Register now for the Telemedicine Virtual Visit Coding 2019 webinar

Register now for the Telemedicine Virtual Visit Coding 2019 webinar

Hospitals, doctors and other health care providers seeking an edge in today’s highly competitive healthcare environment would do well to consider a smart telehealth strategy. It’s not an option any more to think telemedicine doesn’t fit into your practices. It is a delivery of medicine that many physicians and providers across the world have bought into.

First, stop thinking in terms of return on investment or revenue created, and instead begin thinking about the value created by your telehealth options for your patients. There are different ways to create value, but you’ll have to decide on the right mix for your patient and practice needs.

This could include options such as self-triage, nurse advice and asynchronous virtual care for common ambulatory conditions (Frequent UTI patient recurrence, “pink eye”, simple injuries and behavioral health issues). For higher-acuity issues it should also include video visits. In-person visits would be reserved for conditions where multiple co-morbidities exist (diabetes and flu, for instance), or when a physical procedure is required (such as cancerous lesion removal).

But the reality is, you still need to find value in this new delivery of medicine. Below are important points to consider as you make a value case for your adventure into the telemedicine world.

Telehealth is an extremely broad category. It encompasses everything from managing complex, high-risk conditions like stroke through remote monitoring and consultation, to providing high-quality, “on demand” convenience care — or virtual care — for a range of acute, episodic and non-emergent conditions in an effective, rapid and cost-effective manner.

It’s estimated that telehealth is an $18 billion industry with significant growth projected. Telemedicine has become an especially established option with specialty consultations for follow-up care, and increasingly for monitoring patients with chronic conditions, in both rural and urban areas. To be safe and effective for patients, telemedicine needs to adhere to a few core principles:

  • Licensure: The practice of medicine occurs where the patient is receiving treatment, not where the physician is located.
  • Adherence to established standards of care: The standard of care for telemedicine is the same as for in-person care.
  • Payment: A medically necessary and covered service should be paid for regardless of how it is provided.

CMS (Medicare) has included in their final physician fee schedule a “Virtual Visit” for 2019. This has been a great addition for established patients that have a quick, but important medical need that can be handled over what is described as “technology-based”.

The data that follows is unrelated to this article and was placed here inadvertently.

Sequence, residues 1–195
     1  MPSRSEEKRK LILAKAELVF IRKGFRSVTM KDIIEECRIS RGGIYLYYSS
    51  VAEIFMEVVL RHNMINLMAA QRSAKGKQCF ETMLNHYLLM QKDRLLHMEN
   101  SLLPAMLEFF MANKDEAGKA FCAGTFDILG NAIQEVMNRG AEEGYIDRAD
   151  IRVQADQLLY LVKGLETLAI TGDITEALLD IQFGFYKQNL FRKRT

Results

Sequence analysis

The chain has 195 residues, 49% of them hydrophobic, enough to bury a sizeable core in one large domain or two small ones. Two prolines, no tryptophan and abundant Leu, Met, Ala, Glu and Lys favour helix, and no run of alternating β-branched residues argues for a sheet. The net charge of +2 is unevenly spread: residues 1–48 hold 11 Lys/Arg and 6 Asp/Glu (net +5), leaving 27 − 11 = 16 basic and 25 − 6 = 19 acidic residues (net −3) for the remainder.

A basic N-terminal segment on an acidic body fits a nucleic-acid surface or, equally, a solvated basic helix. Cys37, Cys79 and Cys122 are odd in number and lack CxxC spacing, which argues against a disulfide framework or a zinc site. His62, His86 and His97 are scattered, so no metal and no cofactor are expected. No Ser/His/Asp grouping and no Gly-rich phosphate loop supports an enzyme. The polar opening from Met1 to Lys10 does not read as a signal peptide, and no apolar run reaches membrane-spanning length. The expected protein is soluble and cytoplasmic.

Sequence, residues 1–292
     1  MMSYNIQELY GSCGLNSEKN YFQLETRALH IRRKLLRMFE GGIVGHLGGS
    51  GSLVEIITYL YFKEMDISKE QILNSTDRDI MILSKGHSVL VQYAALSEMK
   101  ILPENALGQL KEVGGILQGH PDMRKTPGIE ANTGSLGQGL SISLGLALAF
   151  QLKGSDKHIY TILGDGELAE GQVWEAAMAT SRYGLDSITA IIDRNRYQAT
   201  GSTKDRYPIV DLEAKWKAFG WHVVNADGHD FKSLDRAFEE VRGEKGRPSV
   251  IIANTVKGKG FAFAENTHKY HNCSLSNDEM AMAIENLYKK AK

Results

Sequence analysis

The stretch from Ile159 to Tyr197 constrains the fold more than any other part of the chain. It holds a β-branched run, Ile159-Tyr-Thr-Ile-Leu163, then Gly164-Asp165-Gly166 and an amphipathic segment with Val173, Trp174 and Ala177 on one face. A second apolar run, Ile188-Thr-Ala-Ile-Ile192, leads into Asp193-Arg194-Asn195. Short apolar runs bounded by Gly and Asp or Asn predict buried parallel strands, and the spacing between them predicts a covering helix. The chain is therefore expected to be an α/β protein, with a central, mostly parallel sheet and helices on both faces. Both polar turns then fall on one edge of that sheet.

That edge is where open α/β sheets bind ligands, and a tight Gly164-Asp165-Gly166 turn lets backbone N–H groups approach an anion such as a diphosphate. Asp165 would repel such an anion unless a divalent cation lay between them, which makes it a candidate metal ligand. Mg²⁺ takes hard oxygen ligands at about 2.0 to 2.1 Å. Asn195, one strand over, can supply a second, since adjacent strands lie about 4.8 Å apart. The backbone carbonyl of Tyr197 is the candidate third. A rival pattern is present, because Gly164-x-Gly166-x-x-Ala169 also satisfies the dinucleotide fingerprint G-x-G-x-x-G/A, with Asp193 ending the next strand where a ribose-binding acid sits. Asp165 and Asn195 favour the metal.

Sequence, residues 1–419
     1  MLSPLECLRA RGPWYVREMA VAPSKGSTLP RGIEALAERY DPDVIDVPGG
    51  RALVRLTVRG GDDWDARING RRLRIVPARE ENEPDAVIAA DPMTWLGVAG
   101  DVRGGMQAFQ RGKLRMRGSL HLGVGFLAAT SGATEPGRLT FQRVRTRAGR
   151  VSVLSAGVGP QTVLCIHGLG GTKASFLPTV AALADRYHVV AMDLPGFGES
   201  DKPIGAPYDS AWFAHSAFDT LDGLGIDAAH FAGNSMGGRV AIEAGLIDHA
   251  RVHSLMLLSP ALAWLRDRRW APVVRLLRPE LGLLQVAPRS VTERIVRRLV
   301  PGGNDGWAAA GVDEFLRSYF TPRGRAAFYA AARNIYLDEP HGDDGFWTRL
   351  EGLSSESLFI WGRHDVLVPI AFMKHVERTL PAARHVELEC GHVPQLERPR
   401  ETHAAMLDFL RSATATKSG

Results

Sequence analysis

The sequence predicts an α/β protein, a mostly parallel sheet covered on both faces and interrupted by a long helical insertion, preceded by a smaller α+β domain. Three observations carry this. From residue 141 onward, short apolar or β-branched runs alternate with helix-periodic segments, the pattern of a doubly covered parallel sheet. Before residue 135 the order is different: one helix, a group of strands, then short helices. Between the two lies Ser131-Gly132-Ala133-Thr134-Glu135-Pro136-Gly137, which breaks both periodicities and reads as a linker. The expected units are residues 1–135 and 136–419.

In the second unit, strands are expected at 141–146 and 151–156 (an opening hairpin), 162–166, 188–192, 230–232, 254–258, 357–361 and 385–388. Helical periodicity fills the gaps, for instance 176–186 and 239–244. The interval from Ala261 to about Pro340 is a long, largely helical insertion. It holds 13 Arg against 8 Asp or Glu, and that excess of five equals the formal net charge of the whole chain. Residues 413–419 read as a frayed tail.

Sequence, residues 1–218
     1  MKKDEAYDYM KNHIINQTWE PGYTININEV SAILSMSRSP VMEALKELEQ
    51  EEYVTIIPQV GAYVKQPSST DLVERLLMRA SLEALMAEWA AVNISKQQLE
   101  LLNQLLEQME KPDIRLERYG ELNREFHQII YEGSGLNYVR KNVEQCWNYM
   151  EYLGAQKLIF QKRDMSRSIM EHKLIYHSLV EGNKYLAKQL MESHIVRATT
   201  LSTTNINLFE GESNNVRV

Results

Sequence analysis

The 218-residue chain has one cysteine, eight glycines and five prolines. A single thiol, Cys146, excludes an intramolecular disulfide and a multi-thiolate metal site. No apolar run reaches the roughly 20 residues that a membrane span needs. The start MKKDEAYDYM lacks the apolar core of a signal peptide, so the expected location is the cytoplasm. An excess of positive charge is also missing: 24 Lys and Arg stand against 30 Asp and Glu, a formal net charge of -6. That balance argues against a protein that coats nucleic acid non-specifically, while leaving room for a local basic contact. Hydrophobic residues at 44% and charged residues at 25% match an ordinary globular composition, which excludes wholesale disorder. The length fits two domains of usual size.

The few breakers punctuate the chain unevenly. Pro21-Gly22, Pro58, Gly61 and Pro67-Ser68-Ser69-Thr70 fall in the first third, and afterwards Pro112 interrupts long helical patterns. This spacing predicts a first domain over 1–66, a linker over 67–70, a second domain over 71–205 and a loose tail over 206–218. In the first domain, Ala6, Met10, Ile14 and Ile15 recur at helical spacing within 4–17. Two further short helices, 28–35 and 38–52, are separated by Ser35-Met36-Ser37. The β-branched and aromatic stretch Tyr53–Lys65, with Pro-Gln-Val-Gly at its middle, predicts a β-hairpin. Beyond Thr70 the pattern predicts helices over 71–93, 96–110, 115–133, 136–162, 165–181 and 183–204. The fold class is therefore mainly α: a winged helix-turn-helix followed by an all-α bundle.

G2012 brief communication technology-based virtual check-in

Let me start with this. What technology can be used for this technology-based check-in?

Well, it includes the telephone. I’m not kidding you. Here’s a quote from the 2019 Final Rule:

We are persuaded by the comments advising us not to be overly prescriptive about the technology that is used and are finalizing allowing audio-only real-time telephone interactions in addition to synchronous, two-way audio interactions that are enhanced with video or other kinds of data transmission. We note that telephone calls that involve only clinical staff could not be billed using HCPCS code G2012 since the code explicitly describes (and requires) direct interaction between the patient and the billing practitioner.

 The service could be performed using more advanced technology, such as a patient portal or a HIPAA compliant video service. But, burying the lead here, they are allowing telephone!

These services are limited to established patients, as defined in the CPT manual: The patient was seen by the treating doctor or NPP or a provider of the same specialty within the last 3 years.

Join us for our important webinar on Telehealth medicine April 16th, 2019

Today the telemedicine field is changing faster than ever before. As technology advances at exponential levels, so does the widespread affordability and accessibility to basic telemedicine tools. For example, not only do we now have the technology for live video telemedicine, but much of the U.S. population has experience using online videochat apps (like Skype or Facetime), and access to a computer or mobile device to use them.

Telemedicine was originally created as a way to treat patients who were located in remote places, far away from local health facilities or in areas of with shortages of medical professionals. While telemedicine is still used today to address these problems, it’s increasingly becoming a tool for convenient medical care. Today’s connected patient wants to waste less time in the waiting room at the doctor and get immediate care for minor but urgent conditions when they need it.

Sign up for this special discussion taking place on on April 16th!

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